Cooking is one of those everyday tasks I enjoy.  That is, I enjoy it when I'm not being bugged incessantly by my daughters.  Often, when that supper crunch time starts, and I start getting ingredients together, the whining, fussing, and fighting rises to a fever pitch.  At these times, in the back of my mind, I'm often musing that those cooking show competitions are for wimps.  They get to focus completely on their cooking!  What if they had to deal with a preschooler and a toddler at the same time, AND get supper on the table from start to finish in 45 minutes?

I love cooking for other people to enjoy.  It really wouldn't be worth the mess otherwise.  Our church's Ladies Fellowship luncheon this past Friday inspired me to finally try to recreate some delicious whole wheat cranberry walnut bread I had from Earth Fare a few months ago.
 I love my bread machine!  It makes homemade bread possible every week in our house!  I always use the dough cycle and then let the loaf rise for about 35-40 minutes.
 The egg wash made the top "golden brown and delicious."  
 Use a Valentine's cookie cutter for heart-shaped bread, 
add some yummy cranberry chicken salad... 
and voila!, finger sandwiches worthy of Valentine's Day!
 I guess it's hard to tell they're hearts in this picture.  Maybe next time I'll choose a single heart cutter.  This was the one I had closest to the size of the bread slices.

I returned home with an empty platter after the fellowship.  I hope you enjoy trying this as much as I did.

Cranberry Walnut Wheat Bread
(I used this recipe as my starting point:
1 1/4 c. water (I use filtered to avoid the chlorine)
1 tbsp. brown sugar
1 tsp. salt
1 1/2 c. bread flour
1 1/2 c. whole wheat flour
1/3 c. dried cranberries
1/4 c. chopped walnuts
1 1/2 tsp. quick rising yeast

1 egg

1. Place all ingredients except for egg in bread machine pan in the order recommended by the manufacturer.  Set to dough cycle and push start.
2. When dough cycle finishes, shape dough into a loaf on floured counter, and place into a  lightly greased loaf pan.  Cover, and let rise in a warm place for 35 minutes.
3. Heat oven to 400 degrees F.  Whisk egg, then brush over the top of the loaf.  Bake for 24 minutes or until loaf is golden brown.

Cranberry Chicken Salad
2 cooked boneless, skinless chicken breasts, shredded or chopped
(I used seasoning salt & onion powder on mine before baking for about 45 minutes)
1 stalk celery, chopped
1 green onion, thinly sliced
1/3 c. dried cranberries
1 1/4 c. mayonnaise
1/2 tsp. salt
1/4 tsp. ground black pepper

Mix all ingredients and chill for at least 1 hour for flavors to combine.  Enjoy on Cranberry Walnut Wheat Bread!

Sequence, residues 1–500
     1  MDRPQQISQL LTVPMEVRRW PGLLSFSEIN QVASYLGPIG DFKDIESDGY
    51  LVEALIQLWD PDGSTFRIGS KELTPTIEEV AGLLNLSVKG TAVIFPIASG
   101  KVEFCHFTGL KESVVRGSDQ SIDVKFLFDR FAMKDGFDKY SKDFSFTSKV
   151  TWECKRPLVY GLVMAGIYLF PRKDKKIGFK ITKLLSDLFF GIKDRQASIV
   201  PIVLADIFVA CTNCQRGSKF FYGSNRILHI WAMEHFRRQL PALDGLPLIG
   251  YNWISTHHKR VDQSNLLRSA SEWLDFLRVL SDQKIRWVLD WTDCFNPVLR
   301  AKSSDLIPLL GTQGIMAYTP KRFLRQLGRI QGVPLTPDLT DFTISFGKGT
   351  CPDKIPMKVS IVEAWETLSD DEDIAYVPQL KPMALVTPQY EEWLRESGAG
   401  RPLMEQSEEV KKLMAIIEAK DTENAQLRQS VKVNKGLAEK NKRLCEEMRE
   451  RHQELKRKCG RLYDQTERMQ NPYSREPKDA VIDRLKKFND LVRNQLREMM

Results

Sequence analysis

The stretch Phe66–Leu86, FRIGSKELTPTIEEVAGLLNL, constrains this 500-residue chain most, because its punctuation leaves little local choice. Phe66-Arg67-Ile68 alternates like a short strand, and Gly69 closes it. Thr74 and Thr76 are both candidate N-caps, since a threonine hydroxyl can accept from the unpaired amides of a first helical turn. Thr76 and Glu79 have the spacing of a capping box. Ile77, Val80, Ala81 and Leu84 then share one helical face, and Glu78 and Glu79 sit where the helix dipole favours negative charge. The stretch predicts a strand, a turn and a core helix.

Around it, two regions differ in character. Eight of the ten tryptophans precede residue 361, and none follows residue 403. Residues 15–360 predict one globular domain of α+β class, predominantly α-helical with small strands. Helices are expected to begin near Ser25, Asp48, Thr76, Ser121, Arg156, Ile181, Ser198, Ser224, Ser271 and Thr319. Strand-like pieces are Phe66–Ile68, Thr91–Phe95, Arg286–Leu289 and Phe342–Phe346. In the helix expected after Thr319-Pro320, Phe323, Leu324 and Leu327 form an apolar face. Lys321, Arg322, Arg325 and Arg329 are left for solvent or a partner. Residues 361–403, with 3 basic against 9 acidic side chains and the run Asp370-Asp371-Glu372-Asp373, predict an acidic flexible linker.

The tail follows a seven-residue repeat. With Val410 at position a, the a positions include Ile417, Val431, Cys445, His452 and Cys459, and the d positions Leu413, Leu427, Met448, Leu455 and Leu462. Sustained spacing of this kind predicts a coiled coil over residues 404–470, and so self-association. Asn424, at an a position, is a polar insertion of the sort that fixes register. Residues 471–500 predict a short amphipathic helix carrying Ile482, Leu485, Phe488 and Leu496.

Tuesday, February 21, 2012

Soaking in the Sun

 Just lying in the grass, soaking in the sun.  
If only we all would take time to enjoy the simple things.
 Picking grass together.
 "Mommy, look at the honey bee!"
"Take a picture of my flower."
"I'm sleeping"

We enjoyed a warm spring-like day on Friday.  
I'm glad being a Mom makes me take time to stop what I'm doing indoors and enjoy going outside.

Friday, February 17, 2012


There are two types of dinnerware:  everyday china and fine china.  Fine china is more expensive and typically requires a lot more TLC than the everyday stuff.  Everyday china, on the other hand, is tougher, easier to care for, and less pricey.  Although most of us only see our fine china a few times a year, if we're lucky, we enjoy our everyday china all the time.  It often gets banged around, dropped on the floor, thrown into the microwave, crusted with leftovers, and shoved hastily into the dishwasher.  We take it for granted, yet we couldn't do without it.

Since becoming an ordinary Mommy in 2007, I've gotten beat up by the everyday; things like diapers, mincing food into tiny pieces, wiping up spills, repeating myself a million times....Many stay-at-home Moms experience the same frustration and monotony of focus.  Things to which we never even payed attention before we had children now take center stage as our day-long battles; and, before we know it, we find our minds and emotions stuck there, in the bathroom with our potty-training toddler.

Lately, I've felt the Lord urging me to purposefully step outside the everyday battles and notice the extraordinary in the everyday things, the daily miracles I overlook because the mundane frustrations of existence are shouting so loudly in my face.  Yes, life is mundane, messy, and often painful, but little joys wait silently in the background of everyday.  Lord, help me to notice them and rejoice in Your daily care for me!  Thank you, Lord, for life's "everyday china."  Psalms 34:8 "O taste and see that the Lord is good!"